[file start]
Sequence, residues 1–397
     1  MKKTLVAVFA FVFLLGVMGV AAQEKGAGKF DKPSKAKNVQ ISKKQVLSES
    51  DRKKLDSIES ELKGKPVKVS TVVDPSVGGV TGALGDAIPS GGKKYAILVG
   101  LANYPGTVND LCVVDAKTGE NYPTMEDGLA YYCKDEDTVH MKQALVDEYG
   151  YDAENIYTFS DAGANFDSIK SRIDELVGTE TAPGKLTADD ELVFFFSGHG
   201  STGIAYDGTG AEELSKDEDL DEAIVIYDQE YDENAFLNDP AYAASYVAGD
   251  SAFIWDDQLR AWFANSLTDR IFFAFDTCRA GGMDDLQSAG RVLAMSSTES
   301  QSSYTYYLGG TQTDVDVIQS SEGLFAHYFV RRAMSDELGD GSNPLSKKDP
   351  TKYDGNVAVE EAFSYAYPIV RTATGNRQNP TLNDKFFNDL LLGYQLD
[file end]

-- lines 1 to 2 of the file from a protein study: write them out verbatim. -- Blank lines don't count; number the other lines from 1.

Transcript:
Sequence, residues 1–397
     1  MKKTLVAVFA FVFLLGVMGV AAQEKGAGKF DKPSKAKNVQ ISKKQVLSES